There was a war and Matthew (Dan Stevens) was bedridden until he got up and walked.
bedridden Child Rather spent about three years of his childhood bedridden with rheumatic fever.
As Rather puts it, “bedridden seriously, as in using a bed pan.”
The bedridden blues icon is too sick to speak up as her son and husband battle over her estate in court.
They will always appear in a bedridden paretic in a few days if not kept perfectly clean.
For six years she had been helpless and bedridden in that little room.
Sometimes her imagination would conjure up a Victoria helpless, wasted, bedridden, and her heart seemed to stop.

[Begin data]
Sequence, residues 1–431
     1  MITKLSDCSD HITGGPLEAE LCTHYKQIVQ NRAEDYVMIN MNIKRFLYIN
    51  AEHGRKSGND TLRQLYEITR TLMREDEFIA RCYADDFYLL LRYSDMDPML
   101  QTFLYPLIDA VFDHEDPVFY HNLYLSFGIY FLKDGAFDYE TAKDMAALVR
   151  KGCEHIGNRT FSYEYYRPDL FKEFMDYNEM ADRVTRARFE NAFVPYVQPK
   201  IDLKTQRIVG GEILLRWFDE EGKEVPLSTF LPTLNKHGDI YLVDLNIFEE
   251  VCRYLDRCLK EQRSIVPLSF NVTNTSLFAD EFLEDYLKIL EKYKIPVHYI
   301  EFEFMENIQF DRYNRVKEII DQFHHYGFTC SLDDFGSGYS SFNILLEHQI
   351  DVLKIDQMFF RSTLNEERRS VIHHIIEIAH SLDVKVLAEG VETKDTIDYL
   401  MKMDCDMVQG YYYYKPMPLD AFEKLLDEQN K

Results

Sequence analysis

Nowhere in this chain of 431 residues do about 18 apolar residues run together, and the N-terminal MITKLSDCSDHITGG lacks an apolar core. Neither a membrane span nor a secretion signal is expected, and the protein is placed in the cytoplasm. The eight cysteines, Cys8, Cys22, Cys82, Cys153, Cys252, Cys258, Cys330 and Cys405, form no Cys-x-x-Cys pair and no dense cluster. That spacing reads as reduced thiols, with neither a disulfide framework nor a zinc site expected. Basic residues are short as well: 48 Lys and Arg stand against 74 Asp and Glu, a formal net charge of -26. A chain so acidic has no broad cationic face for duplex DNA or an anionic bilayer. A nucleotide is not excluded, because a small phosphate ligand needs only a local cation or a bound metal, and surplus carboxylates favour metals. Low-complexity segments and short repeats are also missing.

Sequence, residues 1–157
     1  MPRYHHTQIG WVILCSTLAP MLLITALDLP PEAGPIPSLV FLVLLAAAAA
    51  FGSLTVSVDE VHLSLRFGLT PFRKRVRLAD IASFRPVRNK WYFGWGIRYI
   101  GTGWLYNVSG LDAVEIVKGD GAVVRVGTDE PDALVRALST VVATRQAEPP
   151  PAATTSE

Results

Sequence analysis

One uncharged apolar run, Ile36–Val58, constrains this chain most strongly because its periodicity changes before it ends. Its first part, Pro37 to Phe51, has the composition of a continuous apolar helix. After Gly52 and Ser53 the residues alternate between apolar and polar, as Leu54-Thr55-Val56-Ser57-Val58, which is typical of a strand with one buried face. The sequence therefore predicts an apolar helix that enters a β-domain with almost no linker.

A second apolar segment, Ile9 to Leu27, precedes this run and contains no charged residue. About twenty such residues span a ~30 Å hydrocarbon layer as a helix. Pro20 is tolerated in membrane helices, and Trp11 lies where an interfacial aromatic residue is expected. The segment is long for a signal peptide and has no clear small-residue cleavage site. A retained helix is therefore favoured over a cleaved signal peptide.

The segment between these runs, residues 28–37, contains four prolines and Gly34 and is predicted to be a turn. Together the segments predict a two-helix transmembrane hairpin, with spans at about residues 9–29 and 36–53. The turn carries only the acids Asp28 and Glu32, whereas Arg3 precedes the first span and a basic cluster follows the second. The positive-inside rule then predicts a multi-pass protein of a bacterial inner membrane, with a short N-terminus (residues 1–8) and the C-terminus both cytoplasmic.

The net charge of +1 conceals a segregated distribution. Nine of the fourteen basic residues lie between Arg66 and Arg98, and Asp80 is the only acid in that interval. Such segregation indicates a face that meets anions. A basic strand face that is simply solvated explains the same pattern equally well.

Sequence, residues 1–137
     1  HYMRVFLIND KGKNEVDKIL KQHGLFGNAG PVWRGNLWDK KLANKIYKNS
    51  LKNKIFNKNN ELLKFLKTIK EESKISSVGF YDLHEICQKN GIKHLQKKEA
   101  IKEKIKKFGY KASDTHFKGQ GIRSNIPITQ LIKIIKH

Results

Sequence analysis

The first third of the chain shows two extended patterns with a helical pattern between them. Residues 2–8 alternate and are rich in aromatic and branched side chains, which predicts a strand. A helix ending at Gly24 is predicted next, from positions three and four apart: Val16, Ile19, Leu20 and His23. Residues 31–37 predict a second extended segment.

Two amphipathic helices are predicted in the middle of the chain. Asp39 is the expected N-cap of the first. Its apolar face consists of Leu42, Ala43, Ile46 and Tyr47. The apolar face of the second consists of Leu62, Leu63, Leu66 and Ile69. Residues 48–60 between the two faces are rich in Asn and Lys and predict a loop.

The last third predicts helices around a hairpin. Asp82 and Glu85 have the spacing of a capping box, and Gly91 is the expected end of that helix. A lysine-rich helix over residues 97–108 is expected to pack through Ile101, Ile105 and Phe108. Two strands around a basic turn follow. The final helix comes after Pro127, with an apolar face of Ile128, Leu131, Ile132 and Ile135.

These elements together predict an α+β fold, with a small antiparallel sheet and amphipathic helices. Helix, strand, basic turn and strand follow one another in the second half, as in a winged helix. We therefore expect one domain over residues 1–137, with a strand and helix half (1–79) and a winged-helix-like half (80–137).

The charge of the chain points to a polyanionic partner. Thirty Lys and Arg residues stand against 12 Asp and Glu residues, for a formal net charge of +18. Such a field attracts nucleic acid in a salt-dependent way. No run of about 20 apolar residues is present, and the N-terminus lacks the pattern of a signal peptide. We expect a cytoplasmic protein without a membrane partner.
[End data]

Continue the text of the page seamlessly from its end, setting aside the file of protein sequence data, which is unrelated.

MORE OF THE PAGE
bedridden as he was, the undertaking seemed beyond his strength.
Why, only a short time ago a bedridden old woman moved a brick wall!
It's called the Henry Hill, and Mrs. Henry is old and bedridden.
also bed-ridden, mid-14c., from adjectival use of late Old English bæddrædæn "bedridden (man)," from bedrid, from Old English bedreda, literally "bedrider, bedridden (man)," from bed + rida "rider" (see ride (v.)). Originally a noun, it became an adjective in Middle English and acquired an -en on the analogy of past participle adjectives from strong verbs such as ride.
bedridden bed·rid·den (běd'rĭd'n) or bed·rid (-rĭd')
Confined to bed because of illness or infirmity.